As a kid… I never stood still; I grew up in a neighbourhood of about 40 kids around similar ages. I was either racing around the streets on my bike, skateboard or billy-cart, playing down the creek or the park, or raiding my dads scrap timber he would get from work for the bbq, to build boats and whatever else with nails and fuse wire. I was also crazy about Lego, I’d make anything that I could imagine, and that would be my toy of choice until I got bored with it or inspired to build something else.
In the years between primary school and finishing High School, I played a lot of sport, primarily soccer, but also dabbled in tennis and golf. I never stopped physically, and usually filled my remaining spare time building cubby houses, home made pinball machines, plastic airplane models and what ever else my imagination led me too. As I progressed through high school I got more interested in woodworking and tech drawing, and planned for a career as a builder or carpenter, but that was not to be.
I left school in 1984 at the end of year 10. Building and carpentry apprenticeships were hard to come by, but a twist of fate led me to an apprenticeship in sheet metal working for which I have no regrets, and to this day still think it was one of the best things I ever did. In my final year I began studying mechanical engineering and went on to work as a mechanical design draftsman at the end of 1988 after completing my apprenticeship.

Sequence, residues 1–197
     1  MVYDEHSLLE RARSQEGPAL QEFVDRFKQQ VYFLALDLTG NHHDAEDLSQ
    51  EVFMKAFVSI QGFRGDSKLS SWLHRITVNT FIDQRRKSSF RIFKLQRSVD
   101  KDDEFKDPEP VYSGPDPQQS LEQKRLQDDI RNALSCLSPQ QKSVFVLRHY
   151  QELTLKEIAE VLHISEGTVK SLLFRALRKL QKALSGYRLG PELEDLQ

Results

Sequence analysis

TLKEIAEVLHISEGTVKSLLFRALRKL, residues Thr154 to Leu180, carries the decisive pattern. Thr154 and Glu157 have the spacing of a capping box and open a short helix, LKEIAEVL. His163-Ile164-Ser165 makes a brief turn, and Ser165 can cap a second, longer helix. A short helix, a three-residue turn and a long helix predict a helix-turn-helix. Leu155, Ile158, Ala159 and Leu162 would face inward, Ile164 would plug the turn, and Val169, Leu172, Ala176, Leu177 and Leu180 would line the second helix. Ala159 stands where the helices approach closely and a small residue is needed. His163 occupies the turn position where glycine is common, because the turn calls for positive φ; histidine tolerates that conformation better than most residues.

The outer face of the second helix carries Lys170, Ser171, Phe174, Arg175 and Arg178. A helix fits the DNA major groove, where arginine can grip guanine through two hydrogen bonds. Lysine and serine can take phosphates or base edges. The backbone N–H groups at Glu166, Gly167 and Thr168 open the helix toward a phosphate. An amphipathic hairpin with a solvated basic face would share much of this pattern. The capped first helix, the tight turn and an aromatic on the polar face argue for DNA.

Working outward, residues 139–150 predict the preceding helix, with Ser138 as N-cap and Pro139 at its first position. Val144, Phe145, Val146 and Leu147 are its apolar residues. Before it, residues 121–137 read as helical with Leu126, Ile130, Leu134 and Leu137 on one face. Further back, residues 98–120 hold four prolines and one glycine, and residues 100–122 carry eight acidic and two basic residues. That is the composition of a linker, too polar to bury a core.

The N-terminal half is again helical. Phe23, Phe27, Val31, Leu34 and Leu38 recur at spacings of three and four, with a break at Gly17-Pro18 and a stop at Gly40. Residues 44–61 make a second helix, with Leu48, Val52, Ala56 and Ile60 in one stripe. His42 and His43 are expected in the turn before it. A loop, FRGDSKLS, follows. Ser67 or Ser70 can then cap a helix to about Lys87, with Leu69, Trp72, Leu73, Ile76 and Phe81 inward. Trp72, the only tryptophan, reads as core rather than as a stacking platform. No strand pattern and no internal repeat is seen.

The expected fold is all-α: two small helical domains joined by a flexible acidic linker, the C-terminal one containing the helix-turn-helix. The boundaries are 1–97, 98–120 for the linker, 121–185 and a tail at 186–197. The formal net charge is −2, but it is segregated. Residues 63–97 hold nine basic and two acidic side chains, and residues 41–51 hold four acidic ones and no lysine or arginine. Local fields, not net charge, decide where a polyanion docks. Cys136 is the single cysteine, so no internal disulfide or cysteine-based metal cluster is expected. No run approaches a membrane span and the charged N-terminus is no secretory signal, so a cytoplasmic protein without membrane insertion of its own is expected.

1988, I was 19 years old when my mental health began to fluctuate, not that I knew what it was until I was formally diagnosed with clinical depression, OCD and Tourette’s syndrome in 2001. During those 13 years I still managed to complete my trade and study in mechanical engineering, get married, start a university degree (I graduated in 2002), change careers into IT, see my first child come into the world among many other things. I also developed a love for European exotic cars well beyond my price range, so I built plastic models of them instead.
1991, I was 22 and started training in Tae Kwon Do, which gave me confidence and helped with my mental strength. I also started dating my wife who is also my best friend. Around the same time I saw a picture of a Bonsai tree in a book that belonged to my Aunty. This triggered another passion of mine, which still continues today. I have many trees that are being trained as Bonsai. This taught me patience, because it takes many years to develop a true Bonsai.
2017, I’m now 48 and my mental health issues are well under control. Although they presented many personal challenges, and still do some extent, there have always been several constants in my life: A drive to design, make and create. I never stop thinking about ideas, with a constant urge to design and build, and to overcome complex problems and challenges. I apply all the skills I have developed across my career and life experiences from sheet metal working, engineering and drawing to information technology, business and agile software development.
Studies into mental illness indicate strong connections between highly intelligent, artistic and creative people. In some ways, I’m glad if that’s the case with myself, because I see these attributes as a gift, and have now reached a stage in my life where both my career, my personal life, and hobbies are benefiting with my mental health under control.
Most importantly, its taken many years, but I’ve learned that you must be happy and content within yourself for any of the above to matter, and to enable you do your best work in your personal life and your career.
The Human brain is truly a gift (apart from obvious reasons). Even though it has a few “bugs”, it is capable of so much more that is yet to be discovered and understood. But the more you exercise it through creativity and problem solving, the more you can unlock its capabilities, so treat it with CARE and RESPECT. You only get one!